• On acquiring citizenship, such migrants shall be deemed to be Indian citizens from the date of their entry into India and all legal proceedings regarding their status as illegal migrants or their citizenship will be closed.
  • The Act allows a person to apply for citizenship by naturalisation, if the person meets certain qualifications. One of the qualifications is that the person must have resided in India or been in central government service for the last 12 months and at least 11 years of the preceding 14 years. For the specified class of illegal migrants, the number of years of residency has been relaxed from 11 years to five years.

Are the provisions of the Act applicable across the country?

  • The Act clarifies that the proposed amendments on citizenship to the specified class of illegal migrants will not apply to certain areas. 
  • These are: (i) the tribal areas of Assam, Meghalaya, Mizoram, and Tripura, as included in the Sixth Schedule to the Constitution, and (ii) the states regulated by the “Inner Line” permit under the Bengal Eastern Frontier Regulations 1873.  
  • These Sixth Schedule tribal areas include Karbi Anglong (in Assam), Garo Hills (in Meghalaya), Chakma District (in Mizoram), and Tripura Tribal Areas District.   Further, the Inner Line Permit regulates visit of all persons, including Indian citizens, to Arunachal Pradesh, Mizoram, and Nagaland.

Is the differentiation among the specified class of illegal migrants and all other illegal migrants reasonable?

  • The Act makes only certain illegal migrants eligible for citizenship.  These are persons belonging to the six specified religious communities, from the three specified countries, who entered India on or before December 31, 2014, and do not reside in the Sixth Schedule areas or in the states regulated by the Inner Line Permit states. 
  • This implies that all other illegal migrants will not be able to claim the benefit of citizenship conferred by the Bill, and may continue to be prosecuted as illegal migrants.  
  • Any provision which distinguishes between two groups may violate the standard of equality guaranteed under Article 14 of the Constitution, unless one can show a reasonable rationale for doing so.   

Challenges:

  • The Bill provides differential treatment to illegal migrants on the basis of (a) their country of origin, (b) religion, (c) date of entry into India, and (d) place of residence in India.   
  • The Bill classifies migrants based on their country of origin to include only Afghanistan, Pakistan and Bangladesh.  
  • While the Statement of Objects and Reasons (SoR) in the Bill reasons that millions of citizens of undivided India were living in Pakistan and Bangladesh, no reason has been provided to explain the inclusion of Afghanistan.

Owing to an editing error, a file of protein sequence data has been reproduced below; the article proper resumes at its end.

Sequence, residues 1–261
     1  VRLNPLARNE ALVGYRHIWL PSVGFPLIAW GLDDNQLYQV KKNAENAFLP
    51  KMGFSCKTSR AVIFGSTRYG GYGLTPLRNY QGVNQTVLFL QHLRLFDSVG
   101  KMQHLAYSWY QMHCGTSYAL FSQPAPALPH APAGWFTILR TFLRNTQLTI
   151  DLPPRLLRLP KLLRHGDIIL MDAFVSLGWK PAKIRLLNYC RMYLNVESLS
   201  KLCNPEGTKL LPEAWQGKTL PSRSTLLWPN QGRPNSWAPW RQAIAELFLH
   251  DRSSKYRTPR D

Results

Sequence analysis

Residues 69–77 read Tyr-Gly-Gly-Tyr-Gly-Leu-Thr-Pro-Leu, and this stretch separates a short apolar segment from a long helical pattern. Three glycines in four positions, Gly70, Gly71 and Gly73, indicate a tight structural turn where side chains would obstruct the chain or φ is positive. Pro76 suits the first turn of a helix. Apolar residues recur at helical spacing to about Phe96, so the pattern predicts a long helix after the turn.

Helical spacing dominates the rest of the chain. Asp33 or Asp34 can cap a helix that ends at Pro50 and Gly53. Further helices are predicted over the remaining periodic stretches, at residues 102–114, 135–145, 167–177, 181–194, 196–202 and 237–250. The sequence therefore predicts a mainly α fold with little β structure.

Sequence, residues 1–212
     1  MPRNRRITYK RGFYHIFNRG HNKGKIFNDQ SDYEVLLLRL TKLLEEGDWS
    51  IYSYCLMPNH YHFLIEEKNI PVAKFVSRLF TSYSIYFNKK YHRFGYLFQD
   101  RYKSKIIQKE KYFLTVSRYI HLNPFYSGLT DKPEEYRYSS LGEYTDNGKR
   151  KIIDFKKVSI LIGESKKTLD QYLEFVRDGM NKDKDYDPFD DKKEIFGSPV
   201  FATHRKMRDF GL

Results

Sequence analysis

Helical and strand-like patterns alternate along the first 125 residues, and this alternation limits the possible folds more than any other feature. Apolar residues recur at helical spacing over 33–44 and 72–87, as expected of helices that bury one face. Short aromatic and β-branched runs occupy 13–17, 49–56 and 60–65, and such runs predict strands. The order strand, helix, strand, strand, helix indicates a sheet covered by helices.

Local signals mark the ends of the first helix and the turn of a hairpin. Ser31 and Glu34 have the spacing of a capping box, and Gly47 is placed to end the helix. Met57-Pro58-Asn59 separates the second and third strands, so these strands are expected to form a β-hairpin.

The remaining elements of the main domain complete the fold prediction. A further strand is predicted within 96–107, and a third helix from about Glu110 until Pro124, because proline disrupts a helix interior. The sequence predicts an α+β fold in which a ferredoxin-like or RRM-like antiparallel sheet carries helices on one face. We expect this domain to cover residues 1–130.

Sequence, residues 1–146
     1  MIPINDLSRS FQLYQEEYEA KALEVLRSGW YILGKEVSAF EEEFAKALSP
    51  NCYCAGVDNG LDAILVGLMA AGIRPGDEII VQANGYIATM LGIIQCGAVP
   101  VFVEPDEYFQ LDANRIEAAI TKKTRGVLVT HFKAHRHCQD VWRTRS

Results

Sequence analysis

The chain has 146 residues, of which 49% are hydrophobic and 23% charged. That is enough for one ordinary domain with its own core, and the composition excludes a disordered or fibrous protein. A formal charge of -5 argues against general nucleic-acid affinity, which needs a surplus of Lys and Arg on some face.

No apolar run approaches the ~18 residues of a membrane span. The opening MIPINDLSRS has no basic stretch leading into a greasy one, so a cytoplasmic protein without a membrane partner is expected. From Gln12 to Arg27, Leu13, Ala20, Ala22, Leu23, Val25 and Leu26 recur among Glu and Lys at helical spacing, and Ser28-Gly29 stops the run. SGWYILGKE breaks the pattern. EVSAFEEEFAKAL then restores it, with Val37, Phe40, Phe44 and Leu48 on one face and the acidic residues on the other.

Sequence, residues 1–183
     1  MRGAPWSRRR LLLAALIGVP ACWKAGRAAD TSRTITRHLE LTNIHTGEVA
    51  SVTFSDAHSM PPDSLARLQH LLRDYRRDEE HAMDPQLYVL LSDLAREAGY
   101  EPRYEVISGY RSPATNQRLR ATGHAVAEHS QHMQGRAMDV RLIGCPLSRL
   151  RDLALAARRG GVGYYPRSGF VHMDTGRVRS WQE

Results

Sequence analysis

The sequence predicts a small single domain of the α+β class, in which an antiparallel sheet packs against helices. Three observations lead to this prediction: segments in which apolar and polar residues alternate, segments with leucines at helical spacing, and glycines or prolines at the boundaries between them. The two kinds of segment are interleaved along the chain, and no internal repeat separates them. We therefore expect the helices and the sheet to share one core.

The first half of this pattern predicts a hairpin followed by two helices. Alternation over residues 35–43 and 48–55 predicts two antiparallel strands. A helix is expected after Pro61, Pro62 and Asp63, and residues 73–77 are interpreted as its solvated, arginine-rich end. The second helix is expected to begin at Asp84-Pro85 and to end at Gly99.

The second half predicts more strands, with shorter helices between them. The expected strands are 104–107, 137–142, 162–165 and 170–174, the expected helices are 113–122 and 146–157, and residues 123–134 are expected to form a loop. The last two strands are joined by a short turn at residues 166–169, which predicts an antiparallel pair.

• The SoR also states that these countries have a state religion, which has resulted in religious persecution of minority groups.  
  • However, there are other countries which may fit this qualification.   For instance, two of India’s neighboring countries, Sri Lanka (Buddhist state religion) and Myanmar (primacy to Buddhism) have had a history of persecution of Tamil Eelams (a linguistic minority in Sri Lanka), and the Rohingya Muslims, respectively. 
  • Further, there are other religious minorities from Pakistan, Afghanistan and Bangladesh, such as the Ahmadiyya Muslims in Pakistan (considered non-Muslims in that country) , and atheists in Bangladesh who have faced religious persecution and may have illegally migrated to India.  
  • The Act creates further differentiation between the specified class of illegal migrants based on when they entered India (before or after December 31, 2014), and where they live in India (provisions not applicable to Sixth Schedule and Inner Line Permit areas)

How does the Bill change the regulations for Overseas Citizens of India?

  • The Bill also amends the provisions on registration of Overseas Citizens of India (OCI).
  • OCI cardholders are foreigners who are persons of Indian origin. For example, they may have been former Indian citizens, or children of current Indian citizens. 
  • An OCI enjoys benefits such as the right to travel to India without a visa, or to work and study here. 
  • At present, the government may cancel a person’s OCI registration on various grounds specified in the Act.  In case of a cancellation, an OCI residing in India may be required to leave the country. 

 

  • The Bill adds another ground for cancelling OCI registration — violation of any law notified by the central government. 
  • However, the Bill does not provide any guidance on the nature of laws which the central government may notify.  The Supreme Court has noted that this guidance is necessary to set limits on the authority’s powers and to avoid any arbitrariness in exercise of powers. 
  •  herefore, the powers given to the government under the Bill may go beyond the permissible limits of valid delegation. 

What is the controversy around the Act?

  • The fundamental criticism of the Act has been that it specifically targets Muslims. Critics argue that it is violative of Article 14 of the Constitution, which guarantees the right to equality.
  • The government, however, maintains that the Act aims to grant citizenship to minorities who have faced religious persecution in Muslim-majority foreign countries.